It is clear that this is not the case with the legislation applied by the health authority.
ARGENTINA does not have a sanitary regulation 4 that allows one to know in advance what the applicable criteria to accept or reject a medicine trademark will be.
In CHILE and SPAIN 5, although there is a regulation that establishes the non-authorization of a trademark when “it could lead to confusion or deception, being the name similar to the one of another registered product 6”, it does not set any standard to evaluate, according the authority criteria, when confusion exists between similar signs 7, or if this single condition would be enough. It is left to the subjective criteria of the health official who evaluates the trademark, increasing the lack of foresight.
In PERU, the regulation prohibits the use of the trademark when it is identical to another already registered, but it also states that the product submitted to approval has to have a composition different to the previously registered one.8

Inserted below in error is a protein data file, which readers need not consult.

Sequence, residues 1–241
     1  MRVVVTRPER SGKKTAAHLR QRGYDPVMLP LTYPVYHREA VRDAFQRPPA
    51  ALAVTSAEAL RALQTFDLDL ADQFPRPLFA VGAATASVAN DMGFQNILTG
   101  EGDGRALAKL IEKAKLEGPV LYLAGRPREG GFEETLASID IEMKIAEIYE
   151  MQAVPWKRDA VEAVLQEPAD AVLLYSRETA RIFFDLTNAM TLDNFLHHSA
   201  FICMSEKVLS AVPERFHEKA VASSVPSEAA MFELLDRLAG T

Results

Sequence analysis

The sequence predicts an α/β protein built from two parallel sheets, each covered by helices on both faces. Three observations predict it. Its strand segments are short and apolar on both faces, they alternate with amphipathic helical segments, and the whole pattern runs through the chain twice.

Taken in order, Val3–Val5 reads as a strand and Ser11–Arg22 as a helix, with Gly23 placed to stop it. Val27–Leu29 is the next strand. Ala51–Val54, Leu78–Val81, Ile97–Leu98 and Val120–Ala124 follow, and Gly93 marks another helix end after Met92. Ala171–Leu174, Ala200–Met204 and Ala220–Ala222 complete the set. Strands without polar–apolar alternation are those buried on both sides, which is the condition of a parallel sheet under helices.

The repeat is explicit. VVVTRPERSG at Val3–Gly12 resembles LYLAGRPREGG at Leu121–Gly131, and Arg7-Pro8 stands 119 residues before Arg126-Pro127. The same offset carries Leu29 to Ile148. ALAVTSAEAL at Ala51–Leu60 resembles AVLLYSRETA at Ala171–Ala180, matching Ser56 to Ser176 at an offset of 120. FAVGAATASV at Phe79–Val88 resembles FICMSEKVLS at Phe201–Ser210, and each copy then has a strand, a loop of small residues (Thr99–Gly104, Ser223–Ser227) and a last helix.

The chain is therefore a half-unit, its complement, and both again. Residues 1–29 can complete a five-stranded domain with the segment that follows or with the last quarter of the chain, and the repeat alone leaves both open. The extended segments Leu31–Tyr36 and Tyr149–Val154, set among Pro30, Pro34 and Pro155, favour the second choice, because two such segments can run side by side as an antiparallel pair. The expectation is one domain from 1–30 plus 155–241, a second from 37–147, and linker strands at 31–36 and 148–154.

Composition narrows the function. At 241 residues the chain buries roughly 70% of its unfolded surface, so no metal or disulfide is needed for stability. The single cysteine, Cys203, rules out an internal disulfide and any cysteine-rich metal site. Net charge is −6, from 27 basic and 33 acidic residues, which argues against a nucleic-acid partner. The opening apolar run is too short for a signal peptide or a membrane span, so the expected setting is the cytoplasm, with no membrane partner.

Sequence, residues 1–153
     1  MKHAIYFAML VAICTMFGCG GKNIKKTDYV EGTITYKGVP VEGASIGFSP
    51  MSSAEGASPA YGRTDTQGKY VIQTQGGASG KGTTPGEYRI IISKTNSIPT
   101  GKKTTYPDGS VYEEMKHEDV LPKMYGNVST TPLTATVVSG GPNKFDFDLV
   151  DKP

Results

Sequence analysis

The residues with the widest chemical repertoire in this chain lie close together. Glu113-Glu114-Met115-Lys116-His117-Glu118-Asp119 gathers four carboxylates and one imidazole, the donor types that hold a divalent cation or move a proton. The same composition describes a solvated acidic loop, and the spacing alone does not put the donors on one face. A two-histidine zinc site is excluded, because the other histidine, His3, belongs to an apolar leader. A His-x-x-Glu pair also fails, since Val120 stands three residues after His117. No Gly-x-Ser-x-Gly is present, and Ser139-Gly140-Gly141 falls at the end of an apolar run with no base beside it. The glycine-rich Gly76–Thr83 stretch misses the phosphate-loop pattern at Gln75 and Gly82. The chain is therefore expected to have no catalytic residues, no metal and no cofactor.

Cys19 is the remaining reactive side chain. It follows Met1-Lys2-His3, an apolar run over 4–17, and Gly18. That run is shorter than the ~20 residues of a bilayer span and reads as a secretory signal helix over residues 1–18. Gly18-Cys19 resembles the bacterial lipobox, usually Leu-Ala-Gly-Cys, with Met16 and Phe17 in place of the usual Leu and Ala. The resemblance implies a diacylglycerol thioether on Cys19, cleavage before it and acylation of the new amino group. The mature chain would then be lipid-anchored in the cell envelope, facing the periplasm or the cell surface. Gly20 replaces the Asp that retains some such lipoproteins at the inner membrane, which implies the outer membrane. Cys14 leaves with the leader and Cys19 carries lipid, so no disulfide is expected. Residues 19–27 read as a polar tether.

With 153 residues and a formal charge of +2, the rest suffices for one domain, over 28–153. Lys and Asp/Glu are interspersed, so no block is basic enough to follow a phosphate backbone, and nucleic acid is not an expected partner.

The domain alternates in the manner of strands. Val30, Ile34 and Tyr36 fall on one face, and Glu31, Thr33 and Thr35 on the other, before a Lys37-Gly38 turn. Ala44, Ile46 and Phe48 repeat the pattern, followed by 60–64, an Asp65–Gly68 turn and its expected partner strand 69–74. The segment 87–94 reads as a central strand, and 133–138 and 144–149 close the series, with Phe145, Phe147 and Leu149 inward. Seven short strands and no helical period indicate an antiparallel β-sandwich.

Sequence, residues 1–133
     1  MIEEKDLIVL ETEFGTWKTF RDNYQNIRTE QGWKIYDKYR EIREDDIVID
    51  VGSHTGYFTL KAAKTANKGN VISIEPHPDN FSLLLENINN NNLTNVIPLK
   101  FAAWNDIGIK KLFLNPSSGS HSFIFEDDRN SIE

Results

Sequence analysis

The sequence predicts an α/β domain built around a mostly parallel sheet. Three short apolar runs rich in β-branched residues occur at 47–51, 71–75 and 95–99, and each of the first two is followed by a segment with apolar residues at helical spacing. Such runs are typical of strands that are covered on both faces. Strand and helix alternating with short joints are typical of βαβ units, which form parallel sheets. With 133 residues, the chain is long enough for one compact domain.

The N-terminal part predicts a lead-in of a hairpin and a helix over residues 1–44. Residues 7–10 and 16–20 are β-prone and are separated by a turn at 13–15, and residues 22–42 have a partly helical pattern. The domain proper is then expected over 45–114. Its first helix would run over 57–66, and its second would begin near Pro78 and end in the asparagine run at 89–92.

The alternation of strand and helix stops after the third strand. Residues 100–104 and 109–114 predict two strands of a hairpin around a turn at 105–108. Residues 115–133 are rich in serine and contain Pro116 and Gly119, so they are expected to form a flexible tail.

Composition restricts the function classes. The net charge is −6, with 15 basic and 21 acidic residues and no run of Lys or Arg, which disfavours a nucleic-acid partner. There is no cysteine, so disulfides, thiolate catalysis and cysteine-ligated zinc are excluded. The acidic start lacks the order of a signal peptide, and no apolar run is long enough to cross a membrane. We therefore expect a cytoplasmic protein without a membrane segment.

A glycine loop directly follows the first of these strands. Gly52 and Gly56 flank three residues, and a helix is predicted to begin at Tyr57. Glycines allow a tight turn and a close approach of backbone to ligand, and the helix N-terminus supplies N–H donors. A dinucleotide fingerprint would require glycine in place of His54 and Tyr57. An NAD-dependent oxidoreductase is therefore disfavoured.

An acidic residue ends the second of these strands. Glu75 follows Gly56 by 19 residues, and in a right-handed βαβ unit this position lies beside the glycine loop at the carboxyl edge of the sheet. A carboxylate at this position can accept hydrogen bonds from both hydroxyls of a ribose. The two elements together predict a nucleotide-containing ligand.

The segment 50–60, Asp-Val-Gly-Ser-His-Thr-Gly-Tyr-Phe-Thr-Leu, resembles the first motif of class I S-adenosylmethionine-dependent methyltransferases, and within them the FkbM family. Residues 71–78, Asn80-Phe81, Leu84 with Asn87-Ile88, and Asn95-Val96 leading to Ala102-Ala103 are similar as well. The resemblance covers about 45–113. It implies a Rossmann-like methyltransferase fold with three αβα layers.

In the cases where a trademark is rejected due to confusion, an argument against the health authority decision could be based on the fact that the Trademark Office (and possibly third parties during opposition) have already evaluated the possible confusion of the new trademark, without objecting to it.
Notwithstanding this, there is a double control regarding the confusability of a trademark in the practice. This seems to be the understanding of the Court of Justice of the ANDEAN COMMUNITY in its prejudicial interpretation 9 to differentiate the jurisdiction of both trademark and health authorities, giving the latter the jurisdiction concerning the “subsequent aspects related to quality or hygienic conditions of the product for its commercialization” and excluding its interference in “the proper trademark field”.

Sanitary Authorization Criteria of the Pharma Trademark

Although health regulations do not establish requirements for the acceptance of a trademark, there are some technical practices of the agencies and jurisprudence criteria of each country that make that the results of the evaluation of trademarks could be more foreseeable for pharmaceutical companies. The knowledge of these interpretation rules is unavoidable when a marketing authorization is required.